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WearAbility = Wearable Computers and Accessibilty

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Accessible version: http://wearability.org/wearability-inclusive-design.html

They say 2014 is the year of wearable computers and devices. While marketed mostly towards the busy professionals and health conscious athletes, there's far more to these devices.

This presentation looks at the intersection of wearable computers and accessibility. How can these sensor filled devices provide alternative displays and gestures? How can they help a blind person see the world, a person with a mobility issue explore, track health and detect traumatic events before they happen?

This presentation was created for the Inclusive Design 24 series of webinars that celebrate Global Accessibility Awareness Day 2014.

Publié dans : Technologie, Santé & Médecine
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WearAbility = Wearable Computers and Accessibilty

  1. 1. WearAbility #InclusiveDesign24 GAAD 2014 ! Ted Drake @Ted_Drake This presentation was created for the Paciello Group’s Inclusive Design 24 webinar series that celebrates Global Accessibility Awareness Day, 2014 photo: Man holding his skin by Shawn https://www.flickr.com/photos/seaniz/40339806/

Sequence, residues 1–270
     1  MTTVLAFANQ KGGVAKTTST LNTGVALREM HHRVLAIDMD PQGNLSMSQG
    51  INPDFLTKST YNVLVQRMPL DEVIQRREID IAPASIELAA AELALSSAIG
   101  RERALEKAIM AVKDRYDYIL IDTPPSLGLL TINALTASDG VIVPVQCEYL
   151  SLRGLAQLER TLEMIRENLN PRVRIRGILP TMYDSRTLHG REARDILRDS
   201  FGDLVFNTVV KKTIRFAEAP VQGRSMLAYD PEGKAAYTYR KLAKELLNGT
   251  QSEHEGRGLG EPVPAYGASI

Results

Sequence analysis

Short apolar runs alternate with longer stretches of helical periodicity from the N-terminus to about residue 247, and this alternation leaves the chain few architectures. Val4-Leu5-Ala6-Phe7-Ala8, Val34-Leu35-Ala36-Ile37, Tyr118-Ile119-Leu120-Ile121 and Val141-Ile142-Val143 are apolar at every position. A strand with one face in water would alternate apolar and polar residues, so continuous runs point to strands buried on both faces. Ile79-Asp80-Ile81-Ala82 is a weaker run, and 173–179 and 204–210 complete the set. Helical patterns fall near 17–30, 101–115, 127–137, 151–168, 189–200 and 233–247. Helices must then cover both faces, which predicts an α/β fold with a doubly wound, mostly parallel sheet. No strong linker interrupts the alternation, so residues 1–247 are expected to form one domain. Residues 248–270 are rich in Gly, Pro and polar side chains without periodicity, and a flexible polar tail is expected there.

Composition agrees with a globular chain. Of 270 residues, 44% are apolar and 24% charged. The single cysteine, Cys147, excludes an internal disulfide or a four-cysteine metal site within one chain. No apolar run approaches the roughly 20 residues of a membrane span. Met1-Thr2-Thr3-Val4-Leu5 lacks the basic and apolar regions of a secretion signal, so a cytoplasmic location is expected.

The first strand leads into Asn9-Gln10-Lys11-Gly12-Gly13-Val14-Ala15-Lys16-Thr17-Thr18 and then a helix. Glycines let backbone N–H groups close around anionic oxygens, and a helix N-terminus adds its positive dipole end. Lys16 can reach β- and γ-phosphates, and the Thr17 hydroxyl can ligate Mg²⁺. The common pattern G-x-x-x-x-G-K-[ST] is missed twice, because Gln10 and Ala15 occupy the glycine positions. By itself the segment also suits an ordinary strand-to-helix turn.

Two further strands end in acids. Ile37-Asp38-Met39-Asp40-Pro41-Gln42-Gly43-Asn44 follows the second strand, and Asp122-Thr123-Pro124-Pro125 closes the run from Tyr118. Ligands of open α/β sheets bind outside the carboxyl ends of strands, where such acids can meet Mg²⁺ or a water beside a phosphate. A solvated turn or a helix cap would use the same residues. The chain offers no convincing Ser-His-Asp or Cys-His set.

2. 2. Wearable Computers photo: skin-pression by Clonny https://www.flickr.com/photos/clonpop/54765165/
  3. 3. History of wearable assistive technology Facial prostheses, 1919 ! Anna Coleman Ladd fashioned much-admired face masks for WWI soldiers in the European theater. Facial prosthetics and reconstructive surgery advanced significantly because of the war. http://everybody.si.edu/technology/war
  4. 4. Obstacle Detection in 2004 obstacle detection device from 2004 http://www.hitl.washington.edu/projects/wlva/ The prototype WLVA consists of three major components: a head mounted display (HMD), backpack mounted equipment, and software. The HMD incorporates the scanning fiber display and optics mounted in a tube on one side of a spectacle frame, and a video camera with IR light emitting diodes mounted on the other side. The backpack-mounted equipment consists of a laptop computer, an embedded processor, and hardware to drive the scanning fiber display.
  5. 5. iGlasses have obstacle detection and vibrate when the user gets close to a low hanging branch or other object. http://ambutech.com/iglasses
  6. 6. photo: Google Glass by Lubomir Panak https://www.flickr.com/photos/drakh/9896425204/ Google patent on eye frame based obstacle detection http://www.google.co.in/patents/US3654477
  7. 7. Acceptance and Ubiquity Which of these kids is using an assistive technology device? Tablets, phones, and assorted mobile devices are so common that stigma associated with earlier devices has diminished. photo: student iPad school by Brad Flickinger https://www.flickr.com/photos/56155476@N08/6660001925/